Think of roll forming as the ability to make creations using an Etch-a-Sketch or drawn with your pen without lifting the tip from the paper. If you can envision the cross section your end product in this manner, there’s a good chance you can — and will want to — roll form it.
Manufacturers look to roll forming services for several benefits: flexibility, durability, cost-effectiveness, and adaptability for a variety of industrial and commercial applications. While there certainly are some products that can be produced effectively through a manufacturing process like press braking, stamping, or extrusion, certain shapes where a flat sheet is the raw material are best made through roll forming.
If any of these elements are included in your profile design, definitely consider making them as metal roll formed profiles.
5 EFFICIENT METAL ROLL FORMED PROFILES
Just like a seamstress makes a hem on fabric to provide an even finish, roll forming can be used to fold metal over 180° onto itself.
Instead of just bending the metal back to form sharp angles, a hem provides a smooth edge. There is a tremendous time and cost advantage to roll forming this shape because it can be accomplished in one progressive action, as opposed to the multiple steps involved in other processes. Depending on the tooling, these additional steps can lead to a longer setup process, adding to concerns of:
While there are hemming tools for brake forming, they simply don’t provide the consistency of roll forming.
Anything that is hollow or even close to hollow is best created as a roll formed part.
Tubing and architectural mouldings can be roll formed, and then seam welded if necessary, to create a smooth, seamless exterior. As a shape gets closer to true hollowness (like the nearly enclosed circle of the power button icon on your computer), the more sensible it is to use roll forming. A more open “U” or “C” shape, however, has enough room inside for brake forming machines to produce quality parts.
An additional cost advantage is that welding can also happen in-line, cutting down on run time.
3. Multiple Angles
While some processes (i.e. brake forming) might be able to form a single 90° angle, they just can’t keep up with roll forming when it comes to multiple bends that do not form perfect right angles. That would require the creation and installation of separate tools with all those different angular shapes to get sharp bends.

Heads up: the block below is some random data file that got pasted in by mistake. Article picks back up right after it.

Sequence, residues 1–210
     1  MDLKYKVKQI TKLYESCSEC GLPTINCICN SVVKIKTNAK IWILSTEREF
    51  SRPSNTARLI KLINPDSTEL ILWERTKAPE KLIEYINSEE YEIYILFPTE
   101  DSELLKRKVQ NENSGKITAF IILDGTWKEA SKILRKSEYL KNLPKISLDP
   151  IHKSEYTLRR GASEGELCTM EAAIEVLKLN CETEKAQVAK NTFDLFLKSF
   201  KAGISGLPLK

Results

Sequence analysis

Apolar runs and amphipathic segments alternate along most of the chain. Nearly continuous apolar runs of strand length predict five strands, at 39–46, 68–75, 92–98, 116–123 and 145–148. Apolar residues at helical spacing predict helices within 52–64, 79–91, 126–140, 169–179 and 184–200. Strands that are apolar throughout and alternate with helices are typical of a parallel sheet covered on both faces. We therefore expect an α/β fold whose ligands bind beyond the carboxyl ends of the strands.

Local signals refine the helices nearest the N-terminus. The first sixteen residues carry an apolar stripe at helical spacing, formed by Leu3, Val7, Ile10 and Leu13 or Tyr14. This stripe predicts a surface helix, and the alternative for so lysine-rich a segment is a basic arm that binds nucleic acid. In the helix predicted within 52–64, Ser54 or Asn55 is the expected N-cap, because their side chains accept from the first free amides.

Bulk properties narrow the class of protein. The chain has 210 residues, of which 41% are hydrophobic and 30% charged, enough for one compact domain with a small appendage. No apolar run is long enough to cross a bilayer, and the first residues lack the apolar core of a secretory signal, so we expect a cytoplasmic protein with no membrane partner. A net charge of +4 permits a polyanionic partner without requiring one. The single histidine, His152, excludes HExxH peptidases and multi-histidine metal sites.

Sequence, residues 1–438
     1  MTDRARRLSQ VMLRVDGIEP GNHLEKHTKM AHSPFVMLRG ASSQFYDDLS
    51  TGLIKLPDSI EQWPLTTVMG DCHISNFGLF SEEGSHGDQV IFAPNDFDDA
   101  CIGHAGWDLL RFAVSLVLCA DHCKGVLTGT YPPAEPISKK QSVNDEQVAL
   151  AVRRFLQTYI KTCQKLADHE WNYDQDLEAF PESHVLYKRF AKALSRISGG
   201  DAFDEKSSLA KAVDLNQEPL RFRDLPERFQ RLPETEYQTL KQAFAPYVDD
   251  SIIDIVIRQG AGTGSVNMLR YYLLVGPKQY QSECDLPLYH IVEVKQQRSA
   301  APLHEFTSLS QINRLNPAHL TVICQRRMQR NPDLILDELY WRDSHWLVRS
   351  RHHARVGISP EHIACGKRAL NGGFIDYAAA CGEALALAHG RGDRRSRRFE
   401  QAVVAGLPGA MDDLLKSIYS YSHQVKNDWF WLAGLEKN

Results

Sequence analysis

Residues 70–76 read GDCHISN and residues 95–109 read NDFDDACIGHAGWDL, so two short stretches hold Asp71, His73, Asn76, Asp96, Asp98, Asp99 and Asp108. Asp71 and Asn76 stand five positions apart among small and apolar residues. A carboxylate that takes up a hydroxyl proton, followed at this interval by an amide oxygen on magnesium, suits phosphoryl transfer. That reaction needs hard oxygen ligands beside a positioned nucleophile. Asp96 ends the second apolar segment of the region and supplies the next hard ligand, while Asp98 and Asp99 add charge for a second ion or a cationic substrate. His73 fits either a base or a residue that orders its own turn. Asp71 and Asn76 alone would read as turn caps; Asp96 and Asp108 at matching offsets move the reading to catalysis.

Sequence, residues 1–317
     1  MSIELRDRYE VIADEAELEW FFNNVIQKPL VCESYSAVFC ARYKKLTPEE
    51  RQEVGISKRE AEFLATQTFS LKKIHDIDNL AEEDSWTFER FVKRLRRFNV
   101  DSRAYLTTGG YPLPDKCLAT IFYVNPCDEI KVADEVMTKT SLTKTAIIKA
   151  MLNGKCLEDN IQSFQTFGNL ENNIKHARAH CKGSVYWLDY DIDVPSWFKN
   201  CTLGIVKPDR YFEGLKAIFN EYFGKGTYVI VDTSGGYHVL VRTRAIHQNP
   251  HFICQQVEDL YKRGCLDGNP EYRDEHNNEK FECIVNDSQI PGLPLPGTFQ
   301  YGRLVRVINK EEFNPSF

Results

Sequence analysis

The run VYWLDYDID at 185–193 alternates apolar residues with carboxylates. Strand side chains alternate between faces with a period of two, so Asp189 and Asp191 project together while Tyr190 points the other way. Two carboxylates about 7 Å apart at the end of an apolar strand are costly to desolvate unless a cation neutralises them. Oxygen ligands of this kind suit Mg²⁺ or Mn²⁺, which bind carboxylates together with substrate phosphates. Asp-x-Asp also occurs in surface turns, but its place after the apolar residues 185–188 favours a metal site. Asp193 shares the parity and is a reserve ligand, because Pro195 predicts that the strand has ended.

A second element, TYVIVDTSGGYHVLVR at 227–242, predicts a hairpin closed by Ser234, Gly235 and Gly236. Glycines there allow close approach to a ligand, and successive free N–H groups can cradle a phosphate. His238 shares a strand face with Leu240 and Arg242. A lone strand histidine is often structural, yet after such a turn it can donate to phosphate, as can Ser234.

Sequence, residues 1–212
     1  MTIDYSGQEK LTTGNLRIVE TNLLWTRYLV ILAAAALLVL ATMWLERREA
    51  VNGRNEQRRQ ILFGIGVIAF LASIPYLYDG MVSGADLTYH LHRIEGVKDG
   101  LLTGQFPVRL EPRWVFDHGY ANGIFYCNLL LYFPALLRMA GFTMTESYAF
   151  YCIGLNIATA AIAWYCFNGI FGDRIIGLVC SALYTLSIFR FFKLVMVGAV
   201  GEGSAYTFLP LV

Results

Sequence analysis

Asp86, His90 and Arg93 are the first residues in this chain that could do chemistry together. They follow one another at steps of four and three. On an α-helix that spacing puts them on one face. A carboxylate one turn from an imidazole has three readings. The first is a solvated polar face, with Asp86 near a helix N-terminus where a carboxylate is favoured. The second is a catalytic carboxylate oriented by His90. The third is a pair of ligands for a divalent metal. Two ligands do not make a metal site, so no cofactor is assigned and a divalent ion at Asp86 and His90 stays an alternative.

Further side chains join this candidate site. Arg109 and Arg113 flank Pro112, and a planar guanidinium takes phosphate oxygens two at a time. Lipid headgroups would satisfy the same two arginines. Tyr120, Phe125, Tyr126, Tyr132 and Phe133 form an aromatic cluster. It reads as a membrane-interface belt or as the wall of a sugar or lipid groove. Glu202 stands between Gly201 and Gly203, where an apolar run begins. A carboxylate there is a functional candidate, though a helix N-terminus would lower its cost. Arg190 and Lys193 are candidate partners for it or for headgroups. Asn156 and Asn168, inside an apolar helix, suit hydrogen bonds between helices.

“Air bending” with a single “knife” punch on a brake press could also be used. However, your bends would have a generously large radius.
Unlike the continuous process of roll forming, alternative processes create unnecessary production delays by having to frequently change tools and reset equipment.
4. Metal Punching
If you want to punch repeating holes in the metal profile, it’s most efficient to perform this action as part of one continuous process — possibly only via roll forming.
Other forming processes require multiple steps at different machines.
If the metal is going through the roll forming line anyway, you might as well realize the time and money savings of getting the punching done as part of the forming process!
5. Multiple Radii
Multiple bend radii create problems in conventional press brake forming methods for a variety of reasons.
Whenever a second or third radius is designed into a part, there is a tool change requirement. Traditional forming on a press brake has tried to accommodate these types of parts by reducing:
- Costly setup times
- Multiple operations
- Staging requirements
There are brake forming options that reduce setup times and eliminate secondary operations. But ultimately, they will never be able to compete with the single-process, single-tool setup efficiency and low-cost production of roll forming.
Where to Use Metal Roll Formed Profiles
Because of its capability to produce widely desired shapes in an economical and efficient manner, roll forming has applications in industries like:
- Auto and locomotive
- Solar panel mounting systems
- Commercial construction
- Warehouse and distribution storage systems
When you need components with complex profiles that require lots of bends or a bend unique radius, you can't — or shouldn't — forget about roll forming. If you have any questions about whether your project is a good fit for roll forming, ask a vendor directly!
(Editor's note: This article was originally published in December 2018 and was recently updated.)
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